How to Get Money if You Need Cash Fast with Bad Credit

Having poor credit limits your options if you need money fast. If low-interest personal loans aren’t available because of your credit score, most of the options you’re looking at are risky or expensive. Check the costs before agreeing to any loan arrangement. Depending on your source of funds, this risk may take the form of high interest or social consequences if you fail to pay the money back.

Couple in meeting with a financial planner
Meet with your bank and discuss options.
credit: AndreyPopov/iStock/Getty Images

Cash Advances

You should be able to get a cash advance if you’re not maxed out on your credit cards. You can get a cash advance at a bank's automated teller machine by choosing the “credit” option. Otherwise, you usually can go to the issuing bank and get money from a teller. You’ll pay a transaction fee based on the amount you access, and often there’s no grace period, so interest starts accruing right away. If you’re already having problems managing credit, this can put you further in debt.

Pawn Shops

If you have jewelry, electronics or other possessions with high resale value, a pawn shop may be willing to give you a short-term loan. You’ll leave the item as collateral and get a ticket allowing you to repossess the items by paying back the loan plus an additional amount in fees or interest. If you’re still short when the balance comes due, you usually can pay an additional charge to extend the loan. If you aren’t able to redeem the item on time, the pawn shop can sell your property. You might be able to sell the items directly to the pawnshop in some cases.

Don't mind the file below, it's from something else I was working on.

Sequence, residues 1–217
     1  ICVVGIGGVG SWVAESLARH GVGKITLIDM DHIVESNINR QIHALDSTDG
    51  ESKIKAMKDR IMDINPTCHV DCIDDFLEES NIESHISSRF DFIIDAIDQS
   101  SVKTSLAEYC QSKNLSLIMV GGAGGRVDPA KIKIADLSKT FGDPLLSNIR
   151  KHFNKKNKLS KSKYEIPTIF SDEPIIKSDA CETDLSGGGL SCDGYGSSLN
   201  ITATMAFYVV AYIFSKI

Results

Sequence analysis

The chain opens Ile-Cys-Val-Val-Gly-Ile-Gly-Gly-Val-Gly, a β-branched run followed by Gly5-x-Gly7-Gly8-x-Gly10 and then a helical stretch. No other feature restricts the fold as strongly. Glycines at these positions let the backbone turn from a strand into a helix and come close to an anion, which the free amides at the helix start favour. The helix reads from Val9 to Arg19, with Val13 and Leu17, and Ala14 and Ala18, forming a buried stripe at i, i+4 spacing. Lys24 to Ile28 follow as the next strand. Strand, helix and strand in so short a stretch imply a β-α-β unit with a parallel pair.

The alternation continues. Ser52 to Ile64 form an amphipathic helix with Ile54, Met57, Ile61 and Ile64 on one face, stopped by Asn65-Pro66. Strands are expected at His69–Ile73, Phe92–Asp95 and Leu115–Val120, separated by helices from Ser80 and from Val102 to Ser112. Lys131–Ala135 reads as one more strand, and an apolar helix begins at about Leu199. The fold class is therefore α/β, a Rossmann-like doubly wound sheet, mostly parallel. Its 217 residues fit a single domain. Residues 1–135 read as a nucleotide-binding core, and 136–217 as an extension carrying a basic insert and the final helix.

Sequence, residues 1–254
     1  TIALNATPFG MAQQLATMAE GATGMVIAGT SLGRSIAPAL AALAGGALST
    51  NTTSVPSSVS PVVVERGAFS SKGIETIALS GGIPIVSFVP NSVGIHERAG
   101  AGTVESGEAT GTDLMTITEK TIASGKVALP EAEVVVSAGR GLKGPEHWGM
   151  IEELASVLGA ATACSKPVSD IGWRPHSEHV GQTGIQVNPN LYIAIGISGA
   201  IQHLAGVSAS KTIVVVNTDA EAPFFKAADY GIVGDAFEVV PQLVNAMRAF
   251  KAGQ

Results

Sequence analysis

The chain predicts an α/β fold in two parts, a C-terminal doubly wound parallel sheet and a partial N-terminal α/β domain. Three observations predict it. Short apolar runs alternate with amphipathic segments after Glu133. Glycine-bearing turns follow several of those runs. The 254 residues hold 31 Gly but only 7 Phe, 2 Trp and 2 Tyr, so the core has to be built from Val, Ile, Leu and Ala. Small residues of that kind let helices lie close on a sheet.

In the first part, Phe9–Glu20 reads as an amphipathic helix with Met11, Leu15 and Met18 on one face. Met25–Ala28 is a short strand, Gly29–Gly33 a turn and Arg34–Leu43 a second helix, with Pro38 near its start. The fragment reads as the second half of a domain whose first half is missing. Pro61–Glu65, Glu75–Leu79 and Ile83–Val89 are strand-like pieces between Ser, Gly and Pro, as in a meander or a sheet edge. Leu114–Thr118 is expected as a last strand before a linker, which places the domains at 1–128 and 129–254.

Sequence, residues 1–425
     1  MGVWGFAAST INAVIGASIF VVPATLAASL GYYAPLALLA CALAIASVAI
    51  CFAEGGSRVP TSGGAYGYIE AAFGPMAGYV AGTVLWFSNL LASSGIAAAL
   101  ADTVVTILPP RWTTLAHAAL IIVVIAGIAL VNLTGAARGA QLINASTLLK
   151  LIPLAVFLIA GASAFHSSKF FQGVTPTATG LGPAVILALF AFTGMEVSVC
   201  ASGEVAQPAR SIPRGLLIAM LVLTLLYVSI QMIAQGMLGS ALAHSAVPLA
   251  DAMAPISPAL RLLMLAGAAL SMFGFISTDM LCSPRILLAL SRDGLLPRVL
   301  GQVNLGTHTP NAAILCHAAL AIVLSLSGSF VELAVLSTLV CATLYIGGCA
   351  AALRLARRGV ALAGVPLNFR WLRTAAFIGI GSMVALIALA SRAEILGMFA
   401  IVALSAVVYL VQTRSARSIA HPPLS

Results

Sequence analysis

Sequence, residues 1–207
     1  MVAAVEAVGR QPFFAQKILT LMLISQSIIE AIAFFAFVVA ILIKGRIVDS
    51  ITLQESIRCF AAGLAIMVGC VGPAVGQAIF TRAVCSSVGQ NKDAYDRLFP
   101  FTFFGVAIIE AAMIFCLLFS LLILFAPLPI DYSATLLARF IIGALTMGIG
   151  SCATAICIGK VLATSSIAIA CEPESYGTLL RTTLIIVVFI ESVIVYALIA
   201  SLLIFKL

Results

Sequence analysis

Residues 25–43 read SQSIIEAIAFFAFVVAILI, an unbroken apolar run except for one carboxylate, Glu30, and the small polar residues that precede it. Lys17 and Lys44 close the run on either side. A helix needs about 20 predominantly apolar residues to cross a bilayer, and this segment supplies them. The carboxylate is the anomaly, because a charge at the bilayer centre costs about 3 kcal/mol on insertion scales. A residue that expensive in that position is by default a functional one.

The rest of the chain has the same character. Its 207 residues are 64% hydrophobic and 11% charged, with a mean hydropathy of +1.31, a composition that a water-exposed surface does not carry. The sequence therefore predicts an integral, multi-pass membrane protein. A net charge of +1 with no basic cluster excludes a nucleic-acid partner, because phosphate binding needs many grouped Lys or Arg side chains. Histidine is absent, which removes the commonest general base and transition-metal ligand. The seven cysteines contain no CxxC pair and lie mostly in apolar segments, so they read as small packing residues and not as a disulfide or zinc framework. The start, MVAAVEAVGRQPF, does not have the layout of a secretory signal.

Selling Possessions

Additional loans just exacerbate debt problems. If you have possessions that would be more valuable to someone else than they are to you, try to find them a new owner and take the cash instead. Gold jewelry often can be sold quickly for a good price based on the value of the metal. Collectibles and antiques can be sold at local stores or via online auction sites. A yard sale or flea market can be a place to get rid of less valuable items.

Payday Loans

Payday loans cater to customers who have a steady job but need cash and don’t mind paying a huge interest rate. But payday loans also can trap borrowers who rely on it for nonessential, nonemergency expenses. Requirements vary based on the lender, but you’ll generally need to bring copies of your last few paychecks, your bank statement, a utility bill and a blank check. If approved, you’ll be able to borrow funds and postdate a check for the amount, plus interest. That check serves as collateral; the payday lender generally expects you to repay the loan in cash. Fees vary, but generally you’ll pay about $15 for every $100 borrowed for a two-week term. If you have to extend the loan, you’ll pay that fee again.

Friends and Family

The most cost-effective solution to a temporary cash crunch might be asking family members or friends for a loan. They may be more understanding than commercial lenders about your financial situation and be willing to spot you some cash. However, you’ll need to treat this obligation as seriously as a bank loan and repay it as agreed. Unlike with a bank loan, you can’t avoid running into your lender in social settings, and failing to repay the debt can rupture even the closest social and familial ties.